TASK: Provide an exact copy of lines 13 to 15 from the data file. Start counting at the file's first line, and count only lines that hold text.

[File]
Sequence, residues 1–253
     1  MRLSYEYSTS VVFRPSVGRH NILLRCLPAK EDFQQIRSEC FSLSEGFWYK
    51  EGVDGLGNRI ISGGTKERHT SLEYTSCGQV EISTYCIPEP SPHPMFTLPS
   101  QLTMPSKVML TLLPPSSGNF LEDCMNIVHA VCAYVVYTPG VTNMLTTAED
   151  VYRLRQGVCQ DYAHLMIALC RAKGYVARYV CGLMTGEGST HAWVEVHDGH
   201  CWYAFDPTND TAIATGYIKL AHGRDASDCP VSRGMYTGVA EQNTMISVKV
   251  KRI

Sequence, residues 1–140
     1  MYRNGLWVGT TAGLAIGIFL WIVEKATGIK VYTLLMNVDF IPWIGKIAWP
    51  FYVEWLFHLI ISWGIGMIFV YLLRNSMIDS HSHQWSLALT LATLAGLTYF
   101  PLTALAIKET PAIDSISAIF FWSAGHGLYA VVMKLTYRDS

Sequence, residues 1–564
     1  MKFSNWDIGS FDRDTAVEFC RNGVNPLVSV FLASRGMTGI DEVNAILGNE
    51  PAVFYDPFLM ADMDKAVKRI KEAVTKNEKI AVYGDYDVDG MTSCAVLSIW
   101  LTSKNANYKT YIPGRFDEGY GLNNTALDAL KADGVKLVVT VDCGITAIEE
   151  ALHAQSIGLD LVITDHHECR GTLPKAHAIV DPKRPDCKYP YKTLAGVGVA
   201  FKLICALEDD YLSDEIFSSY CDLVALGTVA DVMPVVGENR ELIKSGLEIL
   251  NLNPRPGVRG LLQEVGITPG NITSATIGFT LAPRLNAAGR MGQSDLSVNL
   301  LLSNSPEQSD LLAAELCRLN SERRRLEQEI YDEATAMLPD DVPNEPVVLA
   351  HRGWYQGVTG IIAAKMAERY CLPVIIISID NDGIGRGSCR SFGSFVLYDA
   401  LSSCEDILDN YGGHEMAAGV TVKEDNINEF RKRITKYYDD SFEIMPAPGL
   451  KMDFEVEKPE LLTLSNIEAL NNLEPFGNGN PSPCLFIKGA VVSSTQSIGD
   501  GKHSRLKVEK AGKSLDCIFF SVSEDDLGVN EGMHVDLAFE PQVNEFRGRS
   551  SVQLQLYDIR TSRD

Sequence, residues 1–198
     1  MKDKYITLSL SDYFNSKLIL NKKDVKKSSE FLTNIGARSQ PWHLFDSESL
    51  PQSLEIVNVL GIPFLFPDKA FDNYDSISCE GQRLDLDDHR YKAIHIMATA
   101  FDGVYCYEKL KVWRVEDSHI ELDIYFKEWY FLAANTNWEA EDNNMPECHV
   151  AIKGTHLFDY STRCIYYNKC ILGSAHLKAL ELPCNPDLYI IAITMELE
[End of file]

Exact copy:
     1  MKFSNWDIGS FDRDTAVEFC RNGVNPLVSV FLASRGMTGI DEVNAILGNE
    51  PAVFYDPFLM ADMDKAVKRI KEAVTKNEKI AVYGDYDVDG MTSCAVLSIW
   101  LTSKNANYKT YIPGRFDEGY GLNNTALDAL KADGVKLVVT VDCGITAIEE